If you need further proof that disasters can indeed happen, just look back on the last couple of years: Contaminated water has affected municipal services in Ohio and West Virginia, freak storms have caused a “superstorm” in the Eastern seaboard, and wildfires have ravaged several states in the U.S.
Instead of thinking that these things will never happen to you, it’s best to start prepping so you can keep your loved ones safe if disaster strikes. (h/t to TheOrganicPrepper.com.)
Eight steps that can help you prep before SHTF
Don’t let other survival websites deter you from making the necessary preparations today. Reading about in-depth prepping methods can be very overwhelming, but start with understanding that prepping is mainly focused on having a self-reliant mindset.
- Fill empty bottles with water — You can use empty two-liter soda and gallon bottles to store water, but clean them properly first. Prepare a gallon of water a day per human (and pet). Two two-liter bottles are at least one gallon. If you prefer to buy containers, you can get five-gallon jugs of water. If you start storing water for your emergency supply every week, you will have enough water for a family of four within a month. Store the water in your basement or emergency stockpile.
- Review your budget — Monitor your shopping and spending habits so you can save money to fund your prepping gear and supply needs. Stick to a budget so you can buy whatever you need to help your family prepare before SHTF.
- Inventory your food supply and start building your stockpile — Once you’ve finished organizing your pantry and your inventory, plan how to stock a week’s supply of food. Start with some filling but nutritious foods like beans, eggs, fresh/canned fruits and vegetables, and rice. Once you’re done prepping for the week’s stock, work towards setting up a year’s supply for the whole family. (Related: Ready to survive? Make sure to avoid these common prepping mistakes and pitfalls – Part I.)
- Have practice drills — Get everyone involved by planning and practicing for various disaster scenarios. Practice by spending one weekend without electricity and access to running water. Write down any challenges that you faced and try to address them so everyone’s ready when SHTF. Some problems you might need to face are food storage, how to stay warm/cool during winter/summer, and how to keep everyone entertained when the power goes out.
- Prep for a power outage — Power outages are a common scenario that’s easier to face if you prep. Get food that doesn’t require cooking and find a cooking method that doesn’t rely on electricity so you’re ready even if the power goes out for more than a couple of days. You can use solar garden stakes for a light source. Think of board games or activities to entertain everyone if and when you lose power.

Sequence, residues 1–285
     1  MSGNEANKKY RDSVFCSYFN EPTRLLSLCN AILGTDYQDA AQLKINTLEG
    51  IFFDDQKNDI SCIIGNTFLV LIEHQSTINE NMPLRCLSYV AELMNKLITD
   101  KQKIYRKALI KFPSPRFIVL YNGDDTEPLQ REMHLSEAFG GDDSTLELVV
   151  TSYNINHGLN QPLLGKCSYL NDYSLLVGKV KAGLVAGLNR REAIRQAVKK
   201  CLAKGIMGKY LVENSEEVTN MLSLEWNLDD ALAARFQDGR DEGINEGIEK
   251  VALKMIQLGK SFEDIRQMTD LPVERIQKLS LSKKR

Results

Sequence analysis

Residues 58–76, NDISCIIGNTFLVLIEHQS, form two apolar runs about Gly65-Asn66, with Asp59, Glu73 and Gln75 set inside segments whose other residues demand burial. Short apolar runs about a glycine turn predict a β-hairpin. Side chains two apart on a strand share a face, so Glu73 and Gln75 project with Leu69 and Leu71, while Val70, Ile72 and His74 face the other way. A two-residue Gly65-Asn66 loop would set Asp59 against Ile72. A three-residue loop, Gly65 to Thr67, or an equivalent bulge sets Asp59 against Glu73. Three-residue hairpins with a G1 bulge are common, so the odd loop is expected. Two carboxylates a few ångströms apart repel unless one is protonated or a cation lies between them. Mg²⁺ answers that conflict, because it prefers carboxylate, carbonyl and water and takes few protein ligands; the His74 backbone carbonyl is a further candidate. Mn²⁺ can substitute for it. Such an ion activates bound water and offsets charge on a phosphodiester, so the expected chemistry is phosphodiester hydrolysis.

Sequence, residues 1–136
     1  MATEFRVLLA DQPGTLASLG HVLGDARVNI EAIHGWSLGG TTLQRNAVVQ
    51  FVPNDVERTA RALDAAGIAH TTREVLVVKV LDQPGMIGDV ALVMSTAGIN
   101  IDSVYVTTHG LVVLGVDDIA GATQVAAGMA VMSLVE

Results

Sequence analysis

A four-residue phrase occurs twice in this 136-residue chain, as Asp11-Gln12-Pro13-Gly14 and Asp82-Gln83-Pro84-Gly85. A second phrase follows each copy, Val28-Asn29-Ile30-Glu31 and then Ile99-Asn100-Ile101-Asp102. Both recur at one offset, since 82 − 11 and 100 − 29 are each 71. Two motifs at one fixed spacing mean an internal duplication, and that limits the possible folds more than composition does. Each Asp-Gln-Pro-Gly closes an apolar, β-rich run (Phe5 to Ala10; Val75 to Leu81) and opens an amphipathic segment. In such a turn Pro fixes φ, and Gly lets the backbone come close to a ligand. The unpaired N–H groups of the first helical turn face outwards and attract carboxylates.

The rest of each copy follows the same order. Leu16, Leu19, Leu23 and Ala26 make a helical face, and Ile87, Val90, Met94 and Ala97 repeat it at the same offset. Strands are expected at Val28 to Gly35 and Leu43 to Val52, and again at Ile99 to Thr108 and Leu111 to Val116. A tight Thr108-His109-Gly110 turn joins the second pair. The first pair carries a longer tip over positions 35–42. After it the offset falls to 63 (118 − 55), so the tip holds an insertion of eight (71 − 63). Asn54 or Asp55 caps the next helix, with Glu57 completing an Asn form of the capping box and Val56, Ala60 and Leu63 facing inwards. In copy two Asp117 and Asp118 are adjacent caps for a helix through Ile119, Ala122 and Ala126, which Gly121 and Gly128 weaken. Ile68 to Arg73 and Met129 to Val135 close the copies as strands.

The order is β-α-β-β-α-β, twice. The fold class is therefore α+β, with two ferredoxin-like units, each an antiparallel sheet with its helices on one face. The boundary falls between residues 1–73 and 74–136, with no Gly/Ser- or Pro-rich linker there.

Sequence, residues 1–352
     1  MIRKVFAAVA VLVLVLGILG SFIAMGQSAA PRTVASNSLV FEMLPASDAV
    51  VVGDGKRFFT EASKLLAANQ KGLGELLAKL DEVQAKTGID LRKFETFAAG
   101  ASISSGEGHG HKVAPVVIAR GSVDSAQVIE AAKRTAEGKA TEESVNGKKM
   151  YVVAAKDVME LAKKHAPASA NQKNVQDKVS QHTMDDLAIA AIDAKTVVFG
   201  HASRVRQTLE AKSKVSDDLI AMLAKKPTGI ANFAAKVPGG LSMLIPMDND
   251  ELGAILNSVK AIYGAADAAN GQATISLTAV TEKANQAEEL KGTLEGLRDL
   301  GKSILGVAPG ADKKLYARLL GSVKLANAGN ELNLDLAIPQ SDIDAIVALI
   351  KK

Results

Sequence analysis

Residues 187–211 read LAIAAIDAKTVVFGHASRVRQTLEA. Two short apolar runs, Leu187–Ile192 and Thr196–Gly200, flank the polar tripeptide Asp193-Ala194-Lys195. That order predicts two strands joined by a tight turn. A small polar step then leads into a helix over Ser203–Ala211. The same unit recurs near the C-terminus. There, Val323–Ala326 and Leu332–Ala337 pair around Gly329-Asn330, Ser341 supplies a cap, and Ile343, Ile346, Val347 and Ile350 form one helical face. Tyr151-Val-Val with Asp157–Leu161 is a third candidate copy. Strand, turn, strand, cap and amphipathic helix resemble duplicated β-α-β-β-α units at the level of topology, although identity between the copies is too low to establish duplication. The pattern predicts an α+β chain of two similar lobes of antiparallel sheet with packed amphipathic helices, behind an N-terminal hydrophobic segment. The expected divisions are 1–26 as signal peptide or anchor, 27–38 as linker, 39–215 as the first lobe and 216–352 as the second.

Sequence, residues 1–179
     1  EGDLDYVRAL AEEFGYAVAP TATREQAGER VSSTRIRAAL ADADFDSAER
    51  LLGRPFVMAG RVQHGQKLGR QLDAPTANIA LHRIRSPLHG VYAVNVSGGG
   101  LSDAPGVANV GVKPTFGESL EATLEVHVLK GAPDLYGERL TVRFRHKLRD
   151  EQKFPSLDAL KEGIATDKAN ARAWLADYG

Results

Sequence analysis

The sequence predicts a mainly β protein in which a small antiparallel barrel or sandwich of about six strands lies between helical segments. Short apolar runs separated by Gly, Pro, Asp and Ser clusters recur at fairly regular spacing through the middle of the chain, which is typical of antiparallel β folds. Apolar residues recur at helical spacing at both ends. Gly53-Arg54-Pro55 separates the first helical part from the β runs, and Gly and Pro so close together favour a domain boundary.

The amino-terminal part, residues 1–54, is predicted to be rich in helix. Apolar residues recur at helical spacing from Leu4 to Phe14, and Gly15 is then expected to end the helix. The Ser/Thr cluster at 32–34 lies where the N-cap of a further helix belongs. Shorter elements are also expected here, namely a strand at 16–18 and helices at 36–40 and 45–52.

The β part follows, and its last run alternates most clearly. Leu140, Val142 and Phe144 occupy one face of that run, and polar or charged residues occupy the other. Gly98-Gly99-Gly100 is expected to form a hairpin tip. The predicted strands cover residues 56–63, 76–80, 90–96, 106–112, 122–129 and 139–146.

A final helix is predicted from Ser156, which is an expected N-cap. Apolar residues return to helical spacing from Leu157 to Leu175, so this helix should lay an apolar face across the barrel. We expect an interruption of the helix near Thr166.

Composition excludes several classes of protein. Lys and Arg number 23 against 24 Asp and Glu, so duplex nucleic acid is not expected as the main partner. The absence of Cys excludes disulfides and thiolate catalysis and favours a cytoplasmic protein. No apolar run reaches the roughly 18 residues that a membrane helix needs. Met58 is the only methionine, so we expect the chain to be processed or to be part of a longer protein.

- Find an alternative way to use the bathroom if you run out of water — If the municipal water supplies are shut down due to a disaster, you may have trouble if your toilet doesn’t flush. One solution to this problem is to turn your toilet into a human “litter box.” Drain the water from the bowl, then line it with some heavy contractor’s garbage bags. Place some kitty litter in the bottom and if someone has to use the bathroom, tell them to put a new scoop of litter on top of their waste. Make sure the bag doesn’t get too heavy to carry so it doesn’t rip. Seal full bags properly, then store them outside until service resumes.
- Prep for an evacuation — To prep for an evacuation, you need to pack a bug-out bag (BOB). If you don’t have a BOB, use a sturdy backpack instead. Organize the items in your BOB, and make a list of last-minute items so you don’t miss anything when SHTF. A BOB must include comfort items for children, extra medication, personal documents, and enough survival supplies so you survive 72-hours away from home.
- Know how to defend your home and family — When SHTF, you need to be prepared to defend your home and your loved ones. Disasters may bring out the worst in people, so learn how to use self-defense weapons. Try to avoid engaging attackers, which is the best way to “win” a fight. Secure your home and lie low, but make preparations so you can fight back if you have to. You can’t always rely on 911 and the police because they might be too busy if there’s widespread civil unrest. Prepare a safe room for vulnerable family members like young children and older adults.
Don’t wait until disaster strikes before you start prepping. Accomplish the tasks that you can do for free first, then start planning. Once you have the resources, put your plans into action.
With proper planning and a self-reliant mindset, you can keep your loved ones safe when SHTF.
Find more tips on how to prepare before SHTF at Preparedness.news.